27 April 2006

Do "Offending Behaviour Courses" work?

Dr. Andrew Green sent me the following information relating to my comments on the failings within the prison service. I have grave doubts that the 'Offending Behaviour Courses' which are used extensively in all jails actually work? I had posed the question with Andrew that it would be interesting to find statistics on how many repeat offenders had gone through these courses - how many times they had repeated them and therefore exactly how useful these courses are! Here is the article Andrew forwarded to me:

Dear Sue,

I too thought it was a productive meeting yesterday, and I will contact Allan Bayle and Des Thomas in the near future, and let you know what their responses are. Thanks for the meal and the good conversation. Please give my best wishes to Adam and Louise.

I thought you might be interested in the following piece of Home Office research, confirming what you were saying yesterday.

Best wishes,

Findings 276 Cognitive skills programmes: impact on reducing reconviction among a sample of female prisoners

This report outlines the findings of research assessing the effectiveness of accredited and pre-accredited prison-based cognitive skills programmes – Enhanced Thinking Skills and Reasoning and Rehabilitation – on reducing reconviction for a sample of female offenders. These programmes were introduced in HM Prison Service (HMPS, England and Wales) in the early 1990's as part of the 'What Works' ethos towards offender treatment and rehabilitation. They were developed around the assumption that offenders lack appropriate cognitive skills to achieve their goals in a pro-social way and seek to address these deficits by improving skills such as communication, perspective taking and problem-solving to help enable offenders to desist from future offending.

The research found no statistically significant differences in one- and two-year reconviction rates between female offenders who participated in prison-based cognitive skills programme delivered between 1996 and 2000 and a matched comparison group. These results are similar to recent evaluations of the same programmes delivered to male adults and young offenders (Cann et al., 2003; Falshaw et al., 2003a) and are considered in the contexts of potential limitations in the theory as applied to female offenders, programme implementation and evaluation methodology.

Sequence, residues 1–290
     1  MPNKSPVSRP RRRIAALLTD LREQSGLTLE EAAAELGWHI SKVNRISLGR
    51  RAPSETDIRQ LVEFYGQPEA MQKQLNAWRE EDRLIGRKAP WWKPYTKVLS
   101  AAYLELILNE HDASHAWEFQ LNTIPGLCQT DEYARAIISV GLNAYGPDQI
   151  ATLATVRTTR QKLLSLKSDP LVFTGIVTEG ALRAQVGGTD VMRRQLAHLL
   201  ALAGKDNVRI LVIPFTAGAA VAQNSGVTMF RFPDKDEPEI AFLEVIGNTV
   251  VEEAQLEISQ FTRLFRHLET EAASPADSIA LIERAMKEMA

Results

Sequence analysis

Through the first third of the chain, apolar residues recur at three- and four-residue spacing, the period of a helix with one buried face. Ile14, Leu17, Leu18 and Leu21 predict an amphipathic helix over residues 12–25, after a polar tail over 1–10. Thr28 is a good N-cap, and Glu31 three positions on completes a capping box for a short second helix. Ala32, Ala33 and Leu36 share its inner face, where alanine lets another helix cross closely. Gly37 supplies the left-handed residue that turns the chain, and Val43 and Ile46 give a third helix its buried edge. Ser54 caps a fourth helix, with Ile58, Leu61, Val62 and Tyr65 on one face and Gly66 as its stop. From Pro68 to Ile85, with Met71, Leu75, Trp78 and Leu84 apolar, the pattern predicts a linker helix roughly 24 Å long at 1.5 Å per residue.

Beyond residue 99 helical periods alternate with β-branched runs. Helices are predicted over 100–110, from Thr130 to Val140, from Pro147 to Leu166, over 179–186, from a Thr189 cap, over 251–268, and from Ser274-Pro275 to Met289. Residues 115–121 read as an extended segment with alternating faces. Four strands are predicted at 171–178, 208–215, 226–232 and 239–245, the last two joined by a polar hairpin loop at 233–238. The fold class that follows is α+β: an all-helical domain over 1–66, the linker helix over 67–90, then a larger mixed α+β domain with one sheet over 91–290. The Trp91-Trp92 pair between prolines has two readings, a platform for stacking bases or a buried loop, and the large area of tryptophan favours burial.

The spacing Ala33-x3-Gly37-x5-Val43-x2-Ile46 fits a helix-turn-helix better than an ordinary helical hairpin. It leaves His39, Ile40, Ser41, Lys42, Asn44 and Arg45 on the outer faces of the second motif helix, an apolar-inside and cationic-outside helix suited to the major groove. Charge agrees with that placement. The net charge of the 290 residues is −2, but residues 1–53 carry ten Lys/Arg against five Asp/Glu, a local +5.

21 April 2006

Government Proposals to curb Compensation payments to Miscarraiges of Justice!

I want to thank those who respond to my blog. We have some very interesting comments and debates.

I am appalled at the latest proposals by the Government to curb compensation payments to proven Miscarriages of Justice. In truth no amount of compensation can make the wrong done right, but by no means should that responsibility of the terrible damage done to any one wrongfully convicted be trivialised. It is impossible to describe what it feels like. Impossible to relate how it damages both the person wrongly convicted, but also their families and close friends. To compare this with the also terrible consequences of what families of victims of crime suffer is unacceptable. The two are different issues and should be recognised as such.

The rhetoric used by the Government claiming a 'not proven' vedict would be safer and prevent lawyers earning too much money from cases, is aimed at public opinion once again. It is only when you have been affected by the nightmare of being wrongly convicted and therefore touched by what can happen in this system that you fully realise how flawed the system is and the suggested cost cutting by Charles Clarke is not the answer. If he wishes to save money then prosecute those police officers who have been found to be corrupt, yet manage to find an 'escape route' by taking long term sick leave or early retirement on full pay and pension!

I would never wish what I went through on anyone, but I would like to bet that, God forbid, if ever put in that position even for one month, Tony Blair or Charles Clarke would have very different views on how the Innocent should be regarded.

14 April 2006

Protest at Styal Prison

I recently met with others outside Styal prison to stage a protest in order to highlight the serious problem of deaths in custody. It was a wet and very cold day but the determination of those gathered was uplifting. Some very sad stories of Mothers and Fathers who have lost loved ones through suicide whilst in jail.

Many also felt strongly about proposals to expand Styal and of course I support their
concerns. The answer does not lie in even larger prisons, but in how prisons are managed now and the way forward is to reduce the numbers of people sent to jail therefore allowing better management and obsevation of those who struggle with prison and feel vulnerable. Pauline Campbell works hard to bring about changes, she lost her
daughter in Styal.

As many know the whole system needs reforming, vulnerable, mentally ill prisoners and those addicted to drugs need far more than what is given as prison stands today.